Fitness Contest Preparation:
Advanced Diet Advice

While you certainly will need to exercise, and exercise hard, to win either of these contests, your success will be largely based on how “clean” (i.e. healthy and with the correct amount of protein, fat, and carbohydrate) your diet is during the twelve weeks of the contest. The winner of both of these contests will have to lose a significant amount of bodyfat. The photo contest participants will see better results as well by building more lean muscle, and the bodyfat loss contest participants will also find that adding some lean muscle mass will help them because it will stoke the metabolism, leading to greater fat loss.

Assess your progress during the first four weeks. If you lost four pounds, you probably were creating an average calorie deficit of 500 per day. If this was your goal, super: just keep it up for the next four weeks. Now that you are lighter, you probably will have to eat a bit less, or exercise a bit more, to continue to create that 500 calorie deficit (a lighter person burns fewer calories). If you lost eight pounds, or 2 lb./week, you probably were creating an average calorie deficit of 1000 per day. If this was your goal, super: keep it up!

If you lost more than eight pounds, it could be due to water loss during the beginning of your diet in addition to fat loss. As long as your strength is the same or has improved, there is no need to worry: just keep doing what you’re doing. If you DO find yourself losing strength, increase your calorie intake, or decrease your amount of activity by a small amount to be sure that you don’t lose muscle.

If you lost less than you had wanted to the first four weeks, you will need to reduce your calorie intake and/or increase the amount or intensity of exercise you do to burn more calories. A consultation with Gina might be helpful at this point if you’re unsure what the best course of action would be.

If you’re fairly lean already (less than 22% bodyfat for women, and 16% for men) you might want to include a “cheat day” or “reefed day” or two to help keep your metabolism up and ensure that you don’t lose too much muscle. In the long run, by eating more calories one or two days per week you will actually lose more bodyfat (because you will be sparing muscle and burning more calories during the week). A good starting point is to increase your calories by 1000 over what you normally eat on “diet” days, and make sure most of your calories on that day come from carbohydrate, with a lower fat intake, for best results. For example, if you eat 1500 calories per day on your diet, eat 2500 on a refeed day. Experiment with how your body reacts to adding one refeed day per week. Ask Gina if you are a candidate to have one or two reefed days per week for best results.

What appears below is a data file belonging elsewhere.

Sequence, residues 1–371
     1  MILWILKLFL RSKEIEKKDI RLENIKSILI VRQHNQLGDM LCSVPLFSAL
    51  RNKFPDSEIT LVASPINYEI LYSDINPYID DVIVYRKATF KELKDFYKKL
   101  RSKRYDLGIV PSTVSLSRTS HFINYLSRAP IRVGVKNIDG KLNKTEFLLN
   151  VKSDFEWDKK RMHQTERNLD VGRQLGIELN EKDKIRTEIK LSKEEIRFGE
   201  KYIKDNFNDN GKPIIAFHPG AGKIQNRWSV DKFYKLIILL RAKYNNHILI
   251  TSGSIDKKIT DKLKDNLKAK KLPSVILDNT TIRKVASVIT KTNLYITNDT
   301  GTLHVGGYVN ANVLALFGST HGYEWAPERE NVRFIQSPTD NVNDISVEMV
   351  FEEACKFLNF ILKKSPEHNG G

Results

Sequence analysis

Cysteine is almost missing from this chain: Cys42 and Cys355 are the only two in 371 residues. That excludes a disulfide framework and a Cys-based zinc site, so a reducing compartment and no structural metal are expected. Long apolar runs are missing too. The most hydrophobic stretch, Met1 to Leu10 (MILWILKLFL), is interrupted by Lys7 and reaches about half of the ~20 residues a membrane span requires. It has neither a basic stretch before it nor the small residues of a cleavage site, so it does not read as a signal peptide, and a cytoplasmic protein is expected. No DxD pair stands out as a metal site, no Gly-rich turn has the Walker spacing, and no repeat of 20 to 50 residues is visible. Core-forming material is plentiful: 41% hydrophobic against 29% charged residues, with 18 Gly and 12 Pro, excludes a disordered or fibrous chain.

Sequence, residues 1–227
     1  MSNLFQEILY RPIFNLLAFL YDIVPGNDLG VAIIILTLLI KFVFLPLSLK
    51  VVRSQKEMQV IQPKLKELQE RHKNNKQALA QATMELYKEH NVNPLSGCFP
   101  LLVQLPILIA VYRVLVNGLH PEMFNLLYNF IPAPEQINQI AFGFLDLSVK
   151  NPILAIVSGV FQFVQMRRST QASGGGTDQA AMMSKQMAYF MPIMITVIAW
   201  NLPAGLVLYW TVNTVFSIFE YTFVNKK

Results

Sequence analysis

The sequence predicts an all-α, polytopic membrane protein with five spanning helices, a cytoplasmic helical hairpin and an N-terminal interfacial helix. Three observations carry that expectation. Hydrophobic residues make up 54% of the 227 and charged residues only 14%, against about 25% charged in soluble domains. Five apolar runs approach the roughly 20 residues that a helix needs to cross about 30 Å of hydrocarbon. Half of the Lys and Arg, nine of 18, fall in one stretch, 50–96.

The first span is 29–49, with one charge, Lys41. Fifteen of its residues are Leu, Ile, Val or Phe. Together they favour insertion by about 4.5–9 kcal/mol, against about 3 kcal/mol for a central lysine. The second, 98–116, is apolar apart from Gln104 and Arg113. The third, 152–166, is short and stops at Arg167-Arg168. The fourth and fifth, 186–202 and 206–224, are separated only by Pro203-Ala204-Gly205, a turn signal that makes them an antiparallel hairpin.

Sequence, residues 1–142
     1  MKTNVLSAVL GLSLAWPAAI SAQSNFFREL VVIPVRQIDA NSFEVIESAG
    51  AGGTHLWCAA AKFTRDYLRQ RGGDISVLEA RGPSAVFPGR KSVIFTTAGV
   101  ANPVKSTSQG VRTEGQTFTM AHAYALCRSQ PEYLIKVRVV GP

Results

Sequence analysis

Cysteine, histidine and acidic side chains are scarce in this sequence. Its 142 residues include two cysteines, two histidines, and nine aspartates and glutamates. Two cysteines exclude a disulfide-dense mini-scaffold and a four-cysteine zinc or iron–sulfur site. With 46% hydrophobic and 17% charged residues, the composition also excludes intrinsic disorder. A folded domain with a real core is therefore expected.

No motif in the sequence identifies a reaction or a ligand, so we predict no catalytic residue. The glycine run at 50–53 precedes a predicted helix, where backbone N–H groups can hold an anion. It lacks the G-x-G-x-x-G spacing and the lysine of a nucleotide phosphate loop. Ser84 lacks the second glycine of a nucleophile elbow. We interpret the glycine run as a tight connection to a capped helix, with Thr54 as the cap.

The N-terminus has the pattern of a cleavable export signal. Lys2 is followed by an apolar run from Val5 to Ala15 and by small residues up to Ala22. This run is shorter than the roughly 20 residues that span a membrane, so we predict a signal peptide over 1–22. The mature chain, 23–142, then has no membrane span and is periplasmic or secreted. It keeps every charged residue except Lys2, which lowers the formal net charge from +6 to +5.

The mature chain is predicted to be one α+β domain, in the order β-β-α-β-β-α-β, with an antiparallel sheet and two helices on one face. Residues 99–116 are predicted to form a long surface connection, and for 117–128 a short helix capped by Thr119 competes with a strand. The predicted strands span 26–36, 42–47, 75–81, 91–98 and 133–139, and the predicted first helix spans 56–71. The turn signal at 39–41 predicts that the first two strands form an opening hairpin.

Resistance training should be performed 2-3 times per week for all major muscle groups during this phase of training. Train as heavy as you can in the 6-8 rep range to prevent excessive muscle loss. If you’re an intermediate or advanced exerciser, add one or two interval training sessions for cardio per week.

If you haven’t implemented this idea already, get strict with your intake of saturated fats, sugar, and alcohol. These three all put a roadblock on fat loss. They will derail your efforts to lose fat as rapidly as possible.

If you’re having problems feeling hungry, go ahead and eat extra protein and veggies. A bit more fat might help as well. Drink lots of water and green tea: both of these will help you lose more fat and remain healthy and energetic while dieting.

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